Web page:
•    The survey report acknowledges that agriculture sector is projected to generate no additional employment during the Eleventh Plan period. Employment in manufacturing is however expected to grow at 4 per cent while construction and transport & communication are expected to grow at around 8.2 per cent and 7.6 per cent, respectively. The projected increase in total labour force during 11th Plan is 45 million. As against this, 58 million employment opportunities are targeted to be created during the Eleventh Plan. This is expected to reduce unemployment rate to below 5 per cent. However, the results of the present survey report shows that at the overall level the unemployment rate is estimated at 94, which imply that 9.4 per cent of the labour force is unemployed and looking for jobs. In absolute terms about 40 million persons are found unemployed based on the survey results at overall level of the State/UT’s surveyed.

•    A majority of the estimated unemployed persons (80 per cent) is in the rural sector at overall level.

•    Unemployment rate in rural India is 10.1 percent, whereas unemployment rate in urban India is 7.3 percent. Unemployment rate among male is 8.0 percent and among female is 14.6 percent.

•    Comparison of Labour Bureau’s present survey results for the year 2009-10 with NSSO’s Employment-Unemployment survey results for 2007-08, reveals that the unemployment rate derived on the basis of the Bureau’s survey is quite high. Higher unemployment rate may be parting attributed to as much as 10 per cent difference in the contribution of agriculture sector to total employment estimated in the present survey vis-à-vis the NSSO 2007-08 survey estimates. While the shift of workforce from agriculture to other sectors is a positive trend for a fast growing economy, the steep reduction in lower share of agriculture employment based on the Bureau’s survey could be attributed to lack of adequate probing skills of the Contract Investigators.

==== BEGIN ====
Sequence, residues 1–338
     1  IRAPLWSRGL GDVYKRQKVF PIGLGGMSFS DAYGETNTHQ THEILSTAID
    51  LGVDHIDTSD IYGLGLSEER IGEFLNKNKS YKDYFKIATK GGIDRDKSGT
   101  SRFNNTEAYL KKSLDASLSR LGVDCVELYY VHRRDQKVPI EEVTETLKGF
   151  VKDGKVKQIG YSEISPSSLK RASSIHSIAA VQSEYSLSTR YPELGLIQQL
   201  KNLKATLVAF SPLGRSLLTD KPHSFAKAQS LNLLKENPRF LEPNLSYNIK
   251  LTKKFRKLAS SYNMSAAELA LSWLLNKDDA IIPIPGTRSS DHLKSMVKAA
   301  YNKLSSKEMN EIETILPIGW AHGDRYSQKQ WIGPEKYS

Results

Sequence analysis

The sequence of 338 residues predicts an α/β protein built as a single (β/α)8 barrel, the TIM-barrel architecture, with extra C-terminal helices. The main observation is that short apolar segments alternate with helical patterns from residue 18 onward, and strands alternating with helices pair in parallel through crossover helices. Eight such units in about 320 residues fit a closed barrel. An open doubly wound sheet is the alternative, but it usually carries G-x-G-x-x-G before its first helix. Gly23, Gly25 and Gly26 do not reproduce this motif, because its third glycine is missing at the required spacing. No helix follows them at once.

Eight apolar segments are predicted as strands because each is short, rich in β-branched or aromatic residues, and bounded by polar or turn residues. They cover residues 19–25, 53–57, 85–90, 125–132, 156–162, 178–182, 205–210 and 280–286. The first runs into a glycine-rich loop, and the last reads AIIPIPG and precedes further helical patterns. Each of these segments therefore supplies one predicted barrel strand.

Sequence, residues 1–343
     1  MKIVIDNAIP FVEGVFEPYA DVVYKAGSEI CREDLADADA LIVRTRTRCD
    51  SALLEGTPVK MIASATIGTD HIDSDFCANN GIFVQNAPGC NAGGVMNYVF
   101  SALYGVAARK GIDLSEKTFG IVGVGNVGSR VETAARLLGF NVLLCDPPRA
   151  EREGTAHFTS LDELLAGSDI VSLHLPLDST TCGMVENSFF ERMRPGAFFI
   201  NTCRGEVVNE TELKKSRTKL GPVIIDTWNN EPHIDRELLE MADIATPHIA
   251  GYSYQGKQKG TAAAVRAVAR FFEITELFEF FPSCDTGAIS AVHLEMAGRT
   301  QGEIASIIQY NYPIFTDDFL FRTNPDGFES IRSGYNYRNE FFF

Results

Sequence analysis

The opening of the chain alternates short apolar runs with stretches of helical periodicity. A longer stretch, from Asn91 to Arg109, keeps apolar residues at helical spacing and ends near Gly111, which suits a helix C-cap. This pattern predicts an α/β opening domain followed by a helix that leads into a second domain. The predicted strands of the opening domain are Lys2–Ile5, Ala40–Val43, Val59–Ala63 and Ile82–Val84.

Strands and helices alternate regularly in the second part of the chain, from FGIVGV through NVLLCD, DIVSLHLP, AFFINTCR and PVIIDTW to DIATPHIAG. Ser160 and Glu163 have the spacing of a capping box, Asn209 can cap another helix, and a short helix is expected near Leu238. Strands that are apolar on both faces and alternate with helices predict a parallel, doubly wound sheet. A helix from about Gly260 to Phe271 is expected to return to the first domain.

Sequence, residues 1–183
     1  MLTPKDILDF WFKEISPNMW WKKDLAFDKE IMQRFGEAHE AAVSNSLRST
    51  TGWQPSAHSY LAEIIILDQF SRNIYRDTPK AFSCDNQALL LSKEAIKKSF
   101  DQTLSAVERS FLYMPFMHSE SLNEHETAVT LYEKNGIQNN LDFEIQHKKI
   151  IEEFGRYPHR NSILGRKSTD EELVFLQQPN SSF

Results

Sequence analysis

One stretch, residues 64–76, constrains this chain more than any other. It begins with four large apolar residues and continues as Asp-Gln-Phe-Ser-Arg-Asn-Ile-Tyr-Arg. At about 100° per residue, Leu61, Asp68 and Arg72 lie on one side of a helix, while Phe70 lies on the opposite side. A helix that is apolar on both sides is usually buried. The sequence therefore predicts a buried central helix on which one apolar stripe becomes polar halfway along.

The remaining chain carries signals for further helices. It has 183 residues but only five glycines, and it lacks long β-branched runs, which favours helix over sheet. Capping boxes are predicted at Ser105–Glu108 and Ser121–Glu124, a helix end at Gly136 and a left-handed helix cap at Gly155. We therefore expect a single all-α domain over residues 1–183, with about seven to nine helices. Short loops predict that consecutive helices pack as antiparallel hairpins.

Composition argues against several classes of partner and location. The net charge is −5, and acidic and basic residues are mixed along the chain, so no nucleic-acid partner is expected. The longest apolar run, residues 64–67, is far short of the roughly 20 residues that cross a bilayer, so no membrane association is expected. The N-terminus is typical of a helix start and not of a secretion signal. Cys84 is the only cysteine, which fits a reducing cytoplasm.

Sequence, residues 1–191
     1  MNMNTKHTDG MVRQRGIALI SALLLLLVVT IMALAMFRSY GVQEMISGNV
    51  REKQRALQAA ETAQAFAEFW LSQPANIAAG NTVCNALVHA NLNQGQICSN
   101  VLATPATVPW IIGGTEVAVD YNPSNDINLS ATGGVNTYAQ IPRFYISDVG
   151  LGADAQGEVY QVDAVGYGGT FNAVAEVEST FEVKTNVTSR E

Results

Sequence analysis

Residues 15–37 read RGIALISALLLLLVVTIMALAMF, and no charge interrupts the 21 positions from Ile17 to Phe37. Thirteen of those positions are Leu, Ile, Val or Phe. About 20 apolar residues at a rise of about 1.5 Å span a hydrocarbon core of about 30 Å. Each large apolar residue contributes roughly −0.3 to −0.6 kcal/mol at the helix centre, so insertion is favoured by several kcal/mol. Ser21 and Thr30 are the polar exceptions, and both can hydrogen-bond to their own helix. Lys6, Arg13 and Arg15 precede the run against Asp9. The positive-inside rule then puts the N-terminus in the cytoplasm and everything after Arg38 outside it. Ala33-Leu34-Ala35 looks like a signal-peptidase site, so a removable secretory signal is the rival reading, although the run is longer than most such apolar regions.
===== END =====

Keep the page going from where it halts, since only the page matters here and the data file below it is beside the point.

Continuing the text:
•    Findings of the survey show that out of 1000 persons, 351 persons are in the employed category, 36 in the unemployed category and the rest 613 persons are out of labour force at overall level of the States/UT’s surveyed. Within the employed category, out of 351 persons, 154 are self employed, 59 are regular wage/salaried and the remaining 138 are in casual labour category at overall level. In the rural sector for every 1000 persons, 356 persons are in the employed category, 40 are unemployed and the rest 604 persons are not in the labour force. In the urban sector out of every 1000 persons, the number of employed persons is 335, number of unemployed is 27 and the remaining 638 persons are not in the labour force.

•    Majority of the females in the urban sector (86 per cent) and the rural sector (81 per cent) are out of labour force.

•    It is seen that in the self employed person’s category, maximum proportion of persons is engaged in agriculture, forestry & fishing group (572 out of 1000 persons) followed by wholesale and retail trade (135 out of 1000 persons) at overall level.

•    In the second employment category of regular wage/salaried person, maximum proportion of the employed is engaged in the community services (227 persons out of 1000 persons) followed by 153 in manufacturing industry.

•    In the third employment category i.e. casual labour; a majority of the persons are in the agriculture, forestry and fishing industry group (467 persons out of 1000 persons) followed by 148 in the construction sector.

•    The survey results reveal that majority of the employed persons are employed in proprietary type of enterprises (494 persons out of 1000 persons) followed by public/private limited companies (200 persons) etc at overall level.

•    At the level of rural and urban sector also, majority of the workers are reportedly employed in the proprietary type of enterprises (517 persons and 428 persons respectively out of 1000 persons).

•    The survey results reveal that at overall level out of 1000 persons, 157 persons are getting paid leave or are eligible for paid leave. The industry wise break up shows that in community services group, a maximum of 443 persons out of 1000 persons are eligible for paid leave. On the other hand in agriculture, forestry & fisheries group, a minimum of 54 persons out of 1000 persons have reported paid leave at overall level.

•    In case of other social security benefits such as the provident fund, gratuity, health care & maternity benefits, pension etc., 163 persons out of 1000 persons have reported receiving some social security benefits in the enterprises in which they are employed. Again in community services group, a maximum of 400 persons out of 1000 persons have reported social security benefits in the units in which they are employed. In agriculture, forestry & fishery group however a minimum of 82 persons out of 1000 persons have reported receiving social security benefits.

Rural Expert